Turning Archive 2006

Subject:
Layoff over, nice score, how about that storm?

David Breth
>I laid off turning for a very long time (spring and all of summer) and have only recently started lurking here again. In the Spring, my 1-year old son fractured his skull (he is 100% now, thankfully), and in the summer, "etc". But now I'm back to making oblong things round.

Observations upon my return:
1) The last thing I did before I stopped turning in the spring was set up a dust collector. Recently turned my first bowl with it. What a huge difference.
2) Magically, my sanding technique improved dramatically during my layoff. I wasn't putting pieces of sandpaper under my pillow at night, so I'm not sure what the deal is there, but I'm not complaining.

Score:
1) At work, land is being cleared for additional parking. I've befriended the gents doing the work and the result has been several very nice pieces of cherry. Cost to me - being friendly, a six pack, and an offer from me to turn a cherry bowl for the father and son.
2) We recently had a bit of a power outage in the Buffalo area - perhaps you heard....my maple tree in the back yard took it pretty hard, but can be saved. The guys mentioned in #1 above turned me on to a very good arborist. Very kind of them.
3) I stopped by a golf course the other day. Hey, did you lose any orange osage during the storm? No, but I cut one down the other day. Help yourself. Don't mind if I do.

Question about the orange osage - those potato-bug like critters love that stuff. When I store blanks, do I need to get the bark off? Are they harmful to this or other wood?

OK, the storm. I suppose we made national news for weather. Wicked, sudden, very early lake effect snow storm hit the area last Thursday. Worst of its kind in October on record. Leaves were still on the trees, so the weight of the snow on the limbs was terrific, and the resulting carnage to the trees is unbelievable in some areas. My wife and I came out of it ok tree-wise, but my folks house (where I grew up) looks like a tornado went through. Many people there lost every tree on their lot. I enjoy benefitting from the odd downfall, but I could almost cry looking at all the spent trees. Some look like peeled bananas. We had about 8 inches of snow, my parents had about 24 inches, and it hit super-quick. I was actually turning when the power went out - had literally just finished sanding a red oak-crete bowl. Went upstairs, and the 11:30 pm world outside alternated between bright orange and bright blue, trading between power to the street lights and lightning strikes above the clouds. VERY disturbing to see. EVERYTHING was blue, or EVERYTHING was orange.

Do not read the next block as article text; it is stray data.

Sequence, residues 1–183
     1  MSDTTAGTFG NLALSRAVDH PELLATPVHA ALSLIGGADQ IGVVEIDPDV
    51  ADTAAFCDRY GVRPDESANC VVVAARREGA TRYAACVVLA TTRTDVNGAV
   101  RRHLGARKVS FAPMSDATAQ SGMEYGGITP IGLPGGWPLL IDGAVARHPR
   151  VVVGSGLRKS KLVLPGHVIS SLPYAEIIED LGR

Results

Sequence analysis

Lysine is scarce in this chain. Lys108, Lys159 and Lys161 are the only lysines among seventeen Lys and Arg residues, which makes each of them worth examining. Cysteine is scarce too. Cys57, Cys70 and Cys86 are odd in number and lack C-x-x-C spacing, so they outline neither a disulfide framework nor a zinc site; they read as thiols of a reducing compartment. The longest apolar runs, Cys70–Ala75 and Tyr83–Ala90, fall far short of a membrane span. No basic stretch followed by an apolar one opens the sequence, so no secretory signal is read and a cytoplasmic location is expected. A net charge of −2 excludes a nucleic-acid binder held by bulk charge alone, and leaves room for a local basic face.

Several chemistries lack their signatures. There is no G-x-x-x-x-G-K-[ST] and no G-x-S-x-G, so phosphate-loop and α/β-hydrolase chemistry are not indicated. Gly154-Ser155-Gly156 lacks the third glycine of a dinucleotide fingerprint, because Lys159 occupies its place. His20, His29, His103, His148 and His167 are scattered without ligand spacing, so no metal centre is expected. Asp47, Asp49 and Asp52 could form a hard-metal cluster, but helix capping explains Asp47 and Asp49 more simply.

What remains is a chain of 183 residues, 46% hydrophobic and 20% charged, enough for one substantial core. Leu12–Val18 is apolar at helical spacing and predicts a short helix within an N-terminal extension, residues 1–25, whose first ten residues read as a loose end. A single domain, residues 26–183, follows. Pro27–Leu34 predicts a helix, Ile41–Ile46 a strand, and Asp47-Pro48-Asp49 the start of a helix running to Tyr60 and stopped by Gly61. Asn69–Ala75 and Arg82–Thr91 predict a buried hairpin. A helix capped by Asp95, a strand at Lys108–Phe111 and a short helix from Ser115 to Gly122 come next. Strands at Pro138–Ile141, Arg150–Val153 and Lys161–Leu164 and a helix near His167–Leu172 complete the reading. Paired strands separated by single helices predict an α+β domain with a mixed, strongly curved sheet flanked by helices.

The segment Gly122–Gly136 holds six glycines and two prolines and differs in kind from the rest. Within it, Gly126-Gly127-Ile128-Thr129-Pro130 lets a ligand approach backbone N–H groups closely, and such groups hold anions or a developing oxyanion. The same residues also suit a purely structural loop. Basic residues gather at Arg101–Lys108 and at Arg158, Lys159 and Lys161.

Power-wise, we were dark from Thursday night through Monday noon. About 400.000 people total without power, and still about 70,000 without power today. We made it through with a generator, but there was a time when the water pressure dropped to nothing and there was a boil-water ban, so things got a bit dicey. All is well for us now, but unfortunately there are still many people who will struggle for the next few days. The worst of it was my daughter waking me up every two hours (when the generator ran out of gas), whimpering that her nightlight was out again, daddy. OK swee'pea, you go back to bed, daddy will fix it. Sleep in 2-3 hour increments for four days is not ideal.

Crews have come from all over and are working like madmen to get power restored. So, my list of heroes has to be revised officially: military, police/fire/rescue people, and now people who restore/repair electrical lines.

Wow. That was long. Hope it was at least entertaining.

David Breth
Orchard Park, NY

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